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From Milk and Honey to Pudding and Cream: Berlin's Israeli Diaspora in Historical Perspective

From Milk and Honey to Pudding and Cream: Berlin's Israeli Diaspora in Historical Perspective
91 Charles Street W., Victoria College room 323
Time: Feb 5th, 4:00 pm End: Feb 5th, 6:00 pm
Interest Categories: Slavic Studies (FAS), Jewish Studies, History (FAS), Historical Studies (UTM), Historical and Cultural Studies (UTSC), German (FAS), Diaspora/Transnational, 2000-, 1950-2000
Lecture by Rachel Seelig, Hebrew University of Jerusalem

The Department of Germanic Languages and Literatures is pleased to present

Dr. Rachel Seelig, The Hebrew University of Jerusalem

From Milk and Honey to Pudding and Cream: Berlin's Israeli Diaspora in Historical Perspective

Israel’s recent wave of migration to Berlin is fueled largely by the high cost of living in Israel, for which the popular chocolate pudding Milki (an Israeli product that costs much less today in Germany) has become a key symbol. Every year, hundreds of Israelis migrate to the German capital, provoking heated reactions from Israeli critics who see moving to Germany, of all places, as an act of desertion. The intensity of the debate surrounding the “Chocolate Pudding Protest” conceals the fact that Jewish migration to Berlin is not a new phenomenon. Roughly a century ago, Berlin emerged as a major metropolis and a magnet for Hebrew and Yiddish-speaking writers from Eastern Europe who, like Israelis today, came in search of economic and artistic opportunity. This talk will explore Israeli migration to Berlin through the lens of the past. How can the history of Hebrew and Yiddish culture in Weimar Berlin illuminate current Israeli “diasporization”? How does Germany relate to the new Jewish migrants, who come not as stateless refugees but as nationals of their own sovereign state? In what ways might exploration of these questions benefit from and contribute to the “transnational turn” in both German Studies and Jewish Studies?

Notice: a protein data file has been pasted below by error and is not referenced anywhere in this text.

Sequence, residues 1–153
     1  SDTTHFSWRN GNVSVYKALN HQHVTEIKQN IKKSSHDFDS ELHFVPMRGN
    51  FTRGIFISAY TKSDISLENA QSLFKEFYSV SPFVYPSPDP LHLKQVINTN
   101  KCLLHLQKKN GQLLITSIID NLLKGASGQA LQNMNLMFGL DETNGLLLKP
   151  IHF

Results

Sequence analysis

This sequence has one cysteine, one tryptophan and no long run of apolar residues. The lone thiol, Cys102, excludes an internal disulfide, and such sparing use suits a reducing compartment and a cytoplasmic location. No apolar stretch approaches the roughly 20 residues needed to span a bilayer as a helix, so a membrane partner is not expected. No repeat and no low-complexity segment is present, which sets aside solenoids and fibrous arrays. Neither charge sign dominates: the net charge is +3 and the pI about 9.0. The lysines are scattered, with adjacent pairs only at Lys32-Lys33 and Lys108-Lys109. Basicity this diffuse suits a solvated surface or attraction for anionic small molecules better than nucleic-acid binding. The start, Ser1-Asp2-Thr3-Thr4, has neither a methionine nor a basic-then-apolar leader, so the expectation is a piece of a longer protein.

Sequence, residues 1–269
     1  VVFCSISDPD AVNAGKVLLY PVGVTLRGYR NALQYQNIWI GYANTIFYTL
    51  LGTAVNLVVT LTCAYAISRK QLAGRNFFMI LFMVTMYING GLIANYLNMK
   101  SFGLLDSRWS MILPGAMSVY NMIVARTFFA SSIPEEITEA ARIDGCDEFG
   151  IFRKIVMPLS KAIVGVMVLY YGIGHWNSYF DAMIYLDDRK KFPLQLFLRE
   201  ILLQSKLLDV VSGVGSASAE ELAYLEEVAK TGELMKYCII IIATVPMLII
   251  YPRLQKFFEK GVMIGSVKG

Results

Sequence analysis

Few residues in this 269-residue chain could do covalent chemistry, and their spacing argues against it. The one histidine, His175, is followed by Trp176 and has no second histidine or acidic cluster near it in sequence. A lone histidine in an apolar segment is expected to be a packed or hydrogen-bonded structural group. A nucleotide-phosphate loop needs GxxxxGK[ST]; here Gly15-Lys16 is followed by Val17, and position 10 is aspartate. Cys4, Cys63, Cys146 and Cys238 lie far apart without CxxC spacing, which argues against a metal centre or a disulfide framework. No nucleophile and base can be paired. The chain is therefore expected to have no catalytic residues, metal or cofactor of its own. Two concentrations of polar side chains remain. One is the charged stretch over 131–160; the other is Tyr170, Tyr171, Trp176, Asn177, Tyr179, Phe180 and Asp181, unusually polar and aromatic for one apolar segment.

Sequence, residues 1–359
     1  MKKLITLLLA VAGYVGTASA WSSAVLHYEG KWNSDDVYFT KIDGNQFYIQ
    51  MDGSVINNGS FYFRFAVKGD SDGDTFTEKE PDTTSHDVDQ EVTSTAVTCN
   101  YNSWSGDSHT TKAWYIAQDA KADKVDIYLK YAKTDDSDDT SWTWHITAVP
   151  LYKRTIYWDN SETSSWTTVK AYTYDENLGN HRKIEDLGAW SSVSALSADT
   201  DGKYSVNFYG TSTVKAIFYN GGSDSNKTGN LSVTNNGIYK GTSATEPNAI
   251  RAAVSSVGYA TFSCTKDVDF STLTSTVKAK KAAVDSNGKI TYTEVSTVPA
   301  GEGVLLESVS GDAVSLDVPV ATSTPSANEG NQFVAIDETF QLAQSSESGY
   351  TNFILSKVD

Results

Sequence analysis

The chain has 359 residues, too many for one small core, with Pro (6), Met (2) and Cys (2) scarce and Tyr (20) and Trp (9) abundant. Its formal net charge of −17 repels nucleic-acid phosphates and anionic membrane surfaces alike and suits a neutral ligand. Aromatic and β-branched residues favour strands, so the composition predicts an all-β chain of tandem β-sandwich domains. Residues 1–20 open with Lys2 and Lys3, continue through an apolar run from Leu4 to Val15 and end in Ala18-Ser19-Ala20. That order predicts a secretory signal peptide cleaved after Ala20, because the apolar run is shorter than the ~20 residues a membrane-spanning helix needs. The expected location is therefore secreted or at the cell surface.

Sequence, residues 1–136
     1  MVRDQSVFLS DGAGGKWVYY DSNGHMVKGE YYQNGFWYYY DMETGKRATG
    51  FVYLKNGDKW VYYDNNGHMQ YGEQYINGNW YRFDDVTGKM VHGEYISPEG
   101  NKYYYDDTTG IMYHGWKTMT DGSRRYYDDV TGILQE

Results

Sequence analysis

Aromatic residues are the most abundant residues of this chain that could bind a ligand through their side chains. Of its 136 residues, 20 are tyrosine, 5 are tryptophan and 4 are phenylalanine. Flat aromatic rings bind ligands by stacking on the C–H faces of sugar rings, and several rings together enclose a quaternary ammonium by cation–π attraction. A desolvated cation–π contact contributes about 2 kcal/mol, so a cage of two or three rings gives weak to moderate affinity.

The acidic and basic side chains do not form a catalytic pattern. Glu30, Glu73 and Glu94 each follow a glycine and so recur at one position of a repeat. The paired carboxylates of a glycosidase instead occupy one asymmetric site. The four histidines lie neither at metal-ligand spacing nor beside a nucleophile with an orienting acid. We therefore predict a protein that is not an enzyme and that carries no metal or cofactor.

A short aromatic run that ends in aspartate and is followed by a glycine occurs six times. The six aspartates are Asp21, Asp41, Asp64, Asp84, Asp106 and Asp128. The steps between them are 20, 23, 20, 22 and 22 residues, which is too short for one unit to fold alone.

Rachel Seelig is a Mandel Fellow at the Scholion Interdiscipinary Research Center in the Humanities and Jewish Studies at the Hebrew University of Jerusalem, where she teaches in the Department of Comparative Literature. She received her PhD from the University of Chicago and has taught German and Yiddish literatures at the University of Toronto as the Ray D. Wolfe Postdoctoral Fellow in Jewish Studies. Her research focuses on migration, multilingualism, and transnational exchange in modern German-Jewish, Hebrew and Yiddish literatures. She is completing a manuscript on multilingual Jewish literature in Berlin during the period of the Weimar Republic.

If you have any accommodation needs, please email german@chass.utoronto.ca, and we will do our best to assist you.

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